From tattoos to typography, meet the Siberian artists mixing satire and style

9 April 2020

An image of two men dressed as police officers kissing amid a serene, snow-carpeted birch forest caused a social media furore back in February when it appeared in Interview Magazine — and not just because it starred Estonia-born rap provocateur, Tommy Cash. Though Sasha Saharnaya’s shoot was set in Romania, this particular image was actually inspired by a 2004 photograph by satirical Siberian art collective Blue Noses. The original photograph was banned by then Minister of Culture Alexander Sokolov in 2007 from being exhibited in Paris, and even after a decade, remains divisive in Russia.

The duo behind the original (consisting of Alexander Shaburov and Vyacheslav Mizin) released more variations of the photo, including ballerinas, factory workers, and soldiers locked in an embrace. Their series, Era of Mercy, is probably the most famous example of Siberian conceptualism, drawing heavily on irony, kitsch, myths, and stereotypes to challenge societal norms in a way that is deliberately naive and tongue-in-cheek.

With the same genre still very much alive today, The Calvert Journal has rounded up the Siberian artists who continue pushing boundaries, this time through illustration and digital art.


JVCR is an anagram of sorts: it’s the letters you would press on an English keyboard to spell Omsk in Cyrillic. It’s also the name of an online creative community and merchandise shop сurated by local artist and photographer Renat Latyshev. Scrolling through JVCR is a kaleidoscopic experience of infinite possibilities: the visuals you’ll stumble upon could have come from your grandmother’s magazines, passed through the hands of a forest shaman and blessed by the spirit of Vasily Kandinsky before finally landing in the lap of your five year-old-cousin — with each figure leaving their own mark and style on the page. It’s a smorgasbord of Siberian talent, fuelled by self-irony, mystic symbolism, punk and paranormal.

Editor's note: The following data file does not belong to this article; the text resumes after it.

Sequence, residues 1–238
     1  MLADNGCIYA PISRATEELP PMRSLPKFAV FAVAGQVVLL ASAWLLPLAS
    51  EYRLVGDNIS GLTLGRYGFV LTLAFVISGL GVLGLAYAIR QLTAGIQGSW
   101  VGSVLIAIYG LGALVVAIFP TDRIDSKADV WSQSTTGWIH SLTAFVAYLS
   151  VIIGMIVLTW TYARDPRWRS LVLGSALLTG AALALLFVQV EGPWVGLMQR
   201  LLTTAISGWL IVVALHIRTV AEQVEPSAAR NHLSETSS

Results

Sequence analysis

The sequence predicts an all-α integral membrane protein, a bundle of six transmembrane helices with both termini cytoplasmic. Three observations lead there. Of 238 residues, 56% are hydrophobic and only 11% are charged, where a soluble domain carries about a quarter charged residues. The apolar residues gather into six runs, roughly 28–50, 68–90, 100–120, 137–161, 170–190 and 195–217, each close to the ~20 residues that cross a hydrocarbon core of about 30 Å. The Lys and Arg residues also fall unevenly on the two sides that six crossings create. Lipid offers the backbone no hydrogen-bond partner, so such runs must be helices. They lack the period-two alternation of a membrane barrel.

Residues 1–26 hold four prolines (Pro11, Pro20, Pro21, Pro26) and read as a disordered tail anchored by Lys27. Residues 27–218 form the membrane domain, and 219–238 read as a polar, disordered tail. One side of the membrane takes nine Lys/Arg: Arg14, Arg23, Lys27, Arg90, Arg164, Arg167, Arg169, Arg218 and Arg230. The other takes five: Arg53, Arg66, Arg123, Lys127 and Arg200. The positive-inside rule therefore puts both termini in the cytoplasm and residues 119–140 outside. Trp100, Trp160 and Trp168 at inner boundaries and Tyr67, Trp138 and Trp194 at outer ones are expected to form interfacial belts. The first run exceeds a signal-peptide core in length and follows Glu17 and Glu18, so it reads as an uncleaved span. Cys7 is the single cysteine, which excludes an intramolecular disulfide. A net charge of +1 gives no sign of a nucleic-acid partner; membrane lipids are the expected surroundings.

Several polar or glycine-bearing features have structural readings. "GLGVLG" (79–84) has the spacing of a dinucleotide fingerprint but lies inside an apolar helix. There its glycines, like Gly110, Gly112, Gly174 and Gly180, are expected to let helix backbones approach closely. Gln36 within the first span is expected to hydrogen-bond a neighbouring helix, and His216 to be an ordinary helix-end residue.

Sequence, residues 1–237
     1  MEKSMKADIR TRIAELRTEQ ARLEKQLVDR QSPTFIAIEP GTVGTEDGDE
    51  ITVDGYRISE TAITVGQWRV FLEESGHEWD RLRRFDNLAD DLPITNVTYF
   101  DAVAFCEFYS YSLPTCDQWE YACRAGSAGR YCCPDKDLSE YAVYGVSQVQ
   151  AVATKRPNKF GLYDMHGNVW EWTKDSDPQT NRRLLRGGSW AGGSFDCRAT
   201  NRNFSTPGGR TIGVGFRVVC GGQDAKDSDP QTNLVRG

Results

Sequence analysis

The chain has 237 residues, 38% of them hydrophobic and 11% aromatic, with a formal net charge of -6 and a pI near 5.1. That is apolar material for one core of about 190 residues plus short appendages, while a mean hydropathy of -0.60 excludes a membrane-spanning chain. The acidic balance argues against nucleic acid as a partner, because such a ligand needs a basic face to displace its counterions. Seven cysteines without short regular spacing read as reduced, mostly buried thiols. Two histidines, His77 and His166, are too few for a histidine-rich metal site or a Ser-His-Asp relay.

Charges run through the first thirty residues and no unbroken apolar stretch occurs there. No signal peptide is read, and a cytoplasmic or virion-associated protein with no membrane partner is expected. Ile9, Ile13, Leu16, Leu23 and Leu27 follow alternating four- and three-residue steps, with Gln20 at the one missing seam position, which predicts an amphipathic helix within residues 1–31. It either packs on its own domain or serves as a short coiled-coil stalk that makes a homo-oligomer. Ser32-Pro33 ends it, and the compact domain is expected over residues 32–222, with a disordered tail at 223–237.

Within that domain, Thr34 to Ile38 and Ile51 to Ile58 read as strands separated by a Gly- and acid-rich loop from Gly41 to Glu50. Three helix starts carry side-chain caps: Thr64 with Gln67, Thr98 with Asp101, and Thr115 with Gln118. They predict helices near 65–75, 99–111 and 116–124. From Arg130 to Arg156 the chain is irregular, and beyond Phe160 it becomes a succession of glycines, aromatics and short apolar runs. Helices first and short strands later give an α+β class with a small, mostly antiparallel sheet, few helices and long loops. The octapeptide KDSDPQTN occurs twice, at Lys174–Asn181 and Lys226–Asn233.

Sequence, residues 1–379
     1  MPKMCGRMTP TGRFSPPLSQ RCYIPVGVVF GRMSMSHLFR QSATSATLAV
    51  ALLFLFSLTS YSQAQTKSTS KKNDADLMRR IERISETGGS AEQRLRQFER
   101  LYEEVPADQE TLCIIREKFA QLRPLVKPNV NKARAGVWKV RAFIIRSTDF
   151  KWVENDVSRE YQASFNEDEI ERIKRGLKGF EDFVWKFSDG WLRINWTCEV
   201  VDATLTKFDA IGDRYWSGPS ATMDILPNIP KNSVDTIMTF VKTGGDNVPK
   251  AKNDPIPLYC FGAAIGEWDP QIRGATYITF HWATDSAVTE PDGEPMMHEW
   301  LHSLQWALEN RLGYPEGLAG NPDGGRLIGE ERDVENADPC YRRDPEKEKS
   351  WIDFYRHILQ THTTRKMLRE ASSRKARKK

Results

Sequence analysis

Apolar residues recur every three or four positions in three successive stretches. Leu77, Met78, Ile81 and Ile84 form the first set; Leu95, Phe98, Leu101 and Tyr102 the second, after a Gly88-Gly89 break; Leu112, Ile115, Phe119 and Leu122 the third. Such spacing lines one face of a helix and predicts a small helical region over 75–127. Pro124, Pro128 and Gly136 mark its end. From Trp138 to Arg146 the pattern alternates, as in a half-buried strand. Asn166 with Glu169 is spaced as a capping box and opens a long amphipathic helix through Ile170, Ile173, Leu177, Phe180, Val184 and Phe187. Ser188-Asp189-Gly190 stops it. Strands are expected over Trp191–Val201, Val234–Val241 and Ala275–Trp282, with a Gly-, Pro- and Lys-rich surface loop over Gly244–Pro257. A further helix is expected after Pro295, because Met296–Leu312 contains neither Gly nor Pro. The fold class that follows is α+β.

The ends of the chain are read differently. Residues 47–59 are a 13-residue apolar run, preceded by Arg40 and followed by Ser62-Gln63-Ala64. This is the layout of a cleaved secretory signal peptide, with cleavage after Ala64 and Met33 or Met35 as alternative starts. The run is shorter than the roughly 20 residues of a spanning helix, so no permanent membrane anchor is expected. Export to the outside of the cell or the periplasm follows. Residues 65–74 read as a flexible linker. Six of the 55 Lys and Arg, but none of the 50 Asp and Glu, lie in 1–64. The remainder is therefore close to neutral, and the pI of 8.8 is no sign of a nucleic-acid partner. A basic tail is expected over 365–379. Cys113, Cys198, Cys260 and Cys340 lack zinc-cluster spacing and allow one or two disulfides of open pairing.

Imagine Salvador Dali and Jack Sparrow sharing a bottle of vodka and drawing late into the night in the snowy Russian city of Tyumen, and you might get some idea of Herman IX’s surreal yet charming visual style. Greek statues left in trash cans, Puss in Boots with a gun, a genie strapped with dynamite, kids using barbed wire for a skipping rope: Herman’s sketches for tattoos and stickers, drawn in blue ink, question both human suffering and capitalist greed.


Novosibirsk-born Timur Zima is the curator behind @tomorrow.type.today, an account devoted to contemporary graphic and typographic design. His own outlandish and cyberpunk designs have already graced various media outlets, from the Latvian edition of Forbes to music videos for Moscow’s underground POEXXALI. Zima’s signature “Cover Siberia” font was included in the International New Aesthetics 2019 Anthology, while his CtrlX+CtrlV+CtrlZ pin has been a popular accessory among digital creatives and computer geeks. Expect lots of pastiche, such as illegal street ads redesigned for today’s businesses and brands, as well as neo-gothic, and internet 1.0-inspired artwork.


In 1970s Italy, illustrator Luigi Serafini dreamed up an encyclopaedia of an imaginary world. Codex Seraphinianus was published as a book in 1981 and is perhaps one of society’s most peculiar publications to date. But Serafini’s legacy lives on in the work of Alexander Innokentiev, who mixes otherworldly creatures and elaborate vehicles with visual references to his native Yakutia. Apocalyptically hellish and joyfully childish, his illustrations have accompanied cassette tapes and posters across Yakutia and St Petersburg’s DIY punk scene. If you were wondering whether goth-wear still exists in Siberia, you’ll want to check out his shamanic T-shirt designs for Kultrab.


Trippy and dark, Semën Ushkov’s tattoo designs ooze and flow like liquid on a body. Look at them long enough, and you might notice how they change shape, turning into mushrooms, snakes, and butterflies. On more than one occasion, flames transform into scorpions and galaxies turn into bodies. You can spend hours decoding Ushkov’s optical tricks and illusions. His designs are wearable too thanks to his latest gothic footwear collaboration with the brand Sintezía.


The world of Krasnoyarsk-born Roma Soida (aka Adios Amor) is a cyber-spiritual comic strip where the news headlines, pop culture references, and mantras collide. Soida’s practice includes both illustration and video art. His visual language is sharp and candid, whether he’s musing on his artistic journey or mocking global consumerist culture.

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